Under markedly different circumstances, I found myself in Morgantown, WV the week after returning from my cruise. As part of our entertainment, my friend Will and I headed out to Wisp (11/19/16), just off I-68 and across the border with Maryland. You know, that weird long part of Maryland that sticks out and is culturally like Appalacia? Yes, that part. The mountain coaster (A#783) requires one to sign their lives away, which we happily did for the opportunity to go on. While the second half is more the meandering fun I expect from the Wiegland rides, the first half builds up a lot of speed and has some really above average drops for this style of ride. Might be my favorite one thus far, honestly.
(I’ll preface the trip report with some notes – there was no trip report written for either of our other trips to the park this year. We went in June and September, staying at Sandcastle in June, and in Toledo in September on a Friday night. There are no lasting complaints about either day, and in fact, the Halloween decor looked way better in September than October. I chose not to write about either because, frankly, I’ve written about Cedar Point countless times on this blog and there’s often little to provide in terms of updates.)
Sunday morning came, and with it came the end of our journey aboard the venerable Veendam. Outside our porthole was the city of Tampa again, ready for our exploration on foot. Being on foot limits you quite a bit, but since we had a clear target for our time located right in the port area, it wasn’t a great concern to us. The kind folks of Tampa have spent a ton of money on the Florida Aquarium and placed it to be exceedingly convenient to us and not so much them, and I’d like to thank them for that perhaps unnecessary expenditure. Really, seriously, it was great for us, especially since we were extended a 50% off admission thanks to our membership with our local zoo. Continue reading
Arriving into our final port of the cruise, we were welcomed by a slightly different sight than what was present the first two days: flat earth. The small town of Mahahual is barely visible when compared to the enormous cruise port facility that’s been constructed along the water front. We also weren’t alone here: two other ships had docked, one larger, one significantly smaller (NCL’s Dawn and the Swan Hellenic MV Minerva). There would be something akin to a “crowd” around us, though not much so much of one as to radically change our viewpoint. Like with our stop in Honduras, there are natural limits on the number of potential shore excursions one might be able to take, as most tour companies book through the cruise lines. Prices were anything but low: most trips towards the ruins were in the range of $120/person. Not exactly ideal. Continue reading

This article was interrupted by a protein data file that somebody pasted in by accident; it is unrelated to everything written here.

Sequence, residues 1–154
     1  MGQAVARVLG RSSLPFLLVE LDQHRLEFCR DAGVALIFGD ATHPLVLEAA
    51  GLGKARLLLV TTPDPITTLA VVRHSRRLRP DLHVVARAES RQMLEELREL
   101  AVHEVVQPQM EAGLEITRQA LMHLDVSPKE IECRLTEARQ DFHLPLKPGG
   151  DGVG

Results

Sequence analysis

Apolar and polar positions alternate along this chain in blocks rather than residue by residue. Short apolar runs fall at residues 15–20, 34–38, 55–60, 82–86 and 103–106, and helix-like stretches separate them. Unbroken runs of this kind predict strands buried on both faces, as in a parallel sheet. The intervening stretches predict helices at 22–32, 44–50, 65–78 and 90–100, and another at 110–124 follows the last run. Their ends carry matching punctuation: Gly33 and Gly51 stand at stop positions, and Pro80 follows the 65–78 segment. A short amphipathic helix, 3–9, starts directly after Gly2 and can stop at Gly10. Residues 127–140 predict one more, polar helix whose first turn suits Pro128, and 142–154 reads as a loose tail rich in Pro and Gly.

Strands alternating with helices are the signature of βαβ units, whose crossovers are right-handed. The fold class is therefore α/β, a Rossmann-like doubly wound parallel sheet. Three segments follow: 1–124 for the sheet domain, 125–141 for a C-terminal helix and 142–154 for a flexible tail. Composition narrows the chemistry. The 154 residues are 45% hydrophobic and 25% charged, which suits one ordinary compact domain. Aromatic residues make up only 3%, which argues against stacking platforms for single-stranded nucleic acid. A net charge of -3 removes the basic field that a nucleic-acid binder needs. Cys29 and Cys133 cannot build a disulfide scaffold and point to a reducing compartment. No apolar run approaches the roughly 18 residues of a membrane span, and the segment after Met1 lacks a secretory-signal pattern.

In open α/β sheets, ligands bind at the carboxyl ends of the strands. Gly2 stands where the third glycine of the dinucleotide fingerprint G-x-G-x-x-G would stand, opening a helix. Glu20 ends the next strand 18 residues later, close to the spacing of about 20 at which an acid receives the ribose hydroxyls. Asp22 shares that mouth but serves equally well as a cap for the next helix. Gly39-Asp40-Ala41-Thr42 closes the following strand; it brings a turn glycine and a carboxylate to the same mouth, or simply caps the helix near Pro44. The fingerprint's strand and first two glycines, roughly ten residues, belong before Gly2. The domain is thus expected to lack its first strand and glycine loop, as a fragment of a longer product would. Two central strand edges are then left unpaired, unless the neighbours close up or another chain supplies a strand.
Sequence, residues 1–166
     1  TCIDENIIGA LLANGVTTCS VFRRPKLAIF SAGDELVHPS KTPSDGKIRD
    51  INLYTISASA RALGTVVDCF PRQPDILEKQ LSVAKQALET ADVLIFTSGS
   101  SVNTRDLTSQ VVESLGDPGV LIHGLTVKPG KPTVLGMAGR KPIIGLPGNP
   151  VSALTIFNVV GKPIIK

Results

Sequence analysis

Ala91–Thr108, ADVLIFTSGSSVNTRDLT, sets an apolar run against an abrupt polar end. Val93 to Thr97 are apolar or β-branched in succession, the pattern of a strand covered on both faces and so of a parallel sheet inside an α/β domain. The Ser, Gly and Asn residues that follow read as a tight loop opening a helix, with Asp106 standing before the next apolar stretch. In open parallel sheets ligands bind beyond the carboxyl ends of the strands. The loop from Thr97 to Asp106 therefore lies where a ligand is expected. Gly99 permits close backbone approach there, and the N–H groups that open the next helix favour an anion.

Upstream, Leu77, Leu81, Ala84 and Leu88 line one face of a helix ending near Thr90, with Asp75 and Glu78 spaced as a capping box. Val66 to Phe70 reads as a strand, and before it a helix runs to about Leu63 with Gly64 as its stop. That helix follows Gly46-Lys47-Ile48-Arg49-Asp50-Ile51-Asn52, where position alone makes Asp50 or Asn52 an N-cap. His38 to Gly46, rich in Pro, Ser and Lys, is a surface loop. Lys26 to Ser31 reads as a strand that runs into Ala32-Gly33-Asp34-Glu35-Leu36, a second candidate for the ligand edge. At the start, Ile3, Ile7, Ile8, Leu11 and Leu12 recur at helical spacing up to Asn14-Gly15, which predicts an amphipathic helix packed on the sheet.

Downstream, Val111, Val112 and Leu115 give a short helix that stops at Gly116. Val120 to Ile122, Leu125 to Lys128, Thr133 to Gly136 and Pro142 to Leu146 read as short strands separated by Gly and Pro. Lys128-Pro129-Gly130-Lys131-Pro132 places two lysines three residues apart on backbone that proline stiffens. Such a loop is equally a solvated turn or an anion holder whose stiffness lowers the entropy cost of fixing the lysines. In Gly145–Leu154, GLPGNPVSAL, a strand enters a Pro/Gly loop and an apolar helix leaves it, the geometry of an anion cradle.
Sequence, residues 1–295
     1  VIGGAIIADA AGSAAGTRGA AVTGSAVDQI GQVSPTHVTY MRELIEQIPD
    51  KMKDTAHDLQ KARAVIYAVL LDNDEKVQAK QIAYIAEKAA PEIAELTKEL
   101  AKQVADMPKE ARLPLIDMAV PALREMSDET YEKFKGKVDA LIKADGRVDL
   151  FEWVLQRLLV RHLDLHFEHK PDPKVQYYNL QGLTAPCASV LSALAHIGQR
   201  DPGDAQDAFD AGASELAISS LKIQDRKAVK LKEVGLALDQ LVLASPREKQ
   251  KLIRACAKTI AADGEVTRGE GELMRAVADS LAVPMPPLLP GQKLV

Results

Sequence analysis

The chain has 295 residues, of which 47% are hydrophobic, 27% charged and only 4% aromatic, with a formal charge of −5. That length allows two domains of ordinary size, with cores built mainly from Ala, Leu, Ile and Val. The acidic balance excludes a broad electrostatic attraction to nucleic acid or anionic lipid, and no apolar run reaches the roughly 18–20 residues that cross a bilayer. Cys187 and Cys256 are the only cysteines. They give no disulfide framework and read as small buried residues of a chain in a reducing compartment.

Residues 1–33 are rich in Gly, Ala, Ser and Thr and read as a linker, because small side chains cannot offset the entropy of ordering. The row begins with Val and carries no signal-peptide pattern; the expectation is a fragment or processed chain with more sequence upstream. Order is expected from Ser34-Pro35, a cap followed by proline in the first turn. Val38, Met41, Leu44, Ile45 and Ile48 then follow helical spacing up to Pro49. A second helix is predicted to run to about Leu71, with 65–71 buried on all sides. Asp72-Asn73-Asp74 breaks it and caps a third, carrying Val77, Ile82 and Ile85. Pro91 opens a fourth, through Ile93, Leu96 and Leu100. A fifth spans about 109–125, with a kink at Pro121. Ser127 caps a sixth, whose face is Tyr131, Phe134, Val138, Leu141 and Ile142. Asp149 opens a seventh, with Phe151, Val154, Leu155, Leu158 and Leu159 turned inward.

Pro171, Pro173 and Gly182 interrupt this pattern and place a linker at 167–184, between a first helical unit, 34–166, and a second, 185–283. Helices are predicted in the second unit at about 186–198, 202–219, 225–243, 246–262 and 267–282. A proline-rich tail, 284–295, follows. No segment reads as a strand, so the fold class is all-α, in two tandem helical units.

(originally posted on rec.roller-coaster)
We’ve made the investment in Six Flags season passes again for the 2017 season and trekked out to Chicagoland to get processed in. This is the first time I’ve been in the park in a month other than June ever. Weird how things like that happen. From a basic standpoint, the park doesn’t look that much actively worse than it did in preceding years, however the number of empty ride pads seems to have grown without clear replacements coming in. Joker will take up one of those spaces, and the return of The Lobster (an Octopus ride) will help a little. More clear to us is the clear gap between how Six Flags manages to decorate a premier park in the chain versus how Cedar Fair does with Cedar Point and Kings Island. There was likely more money spent just on the pumpkin displays at Cedar Point than all of the Frightfest-related materials at Great America combined. It’s really too bad given how good much of the original infrastructure put in place by Marriott was. Continue reading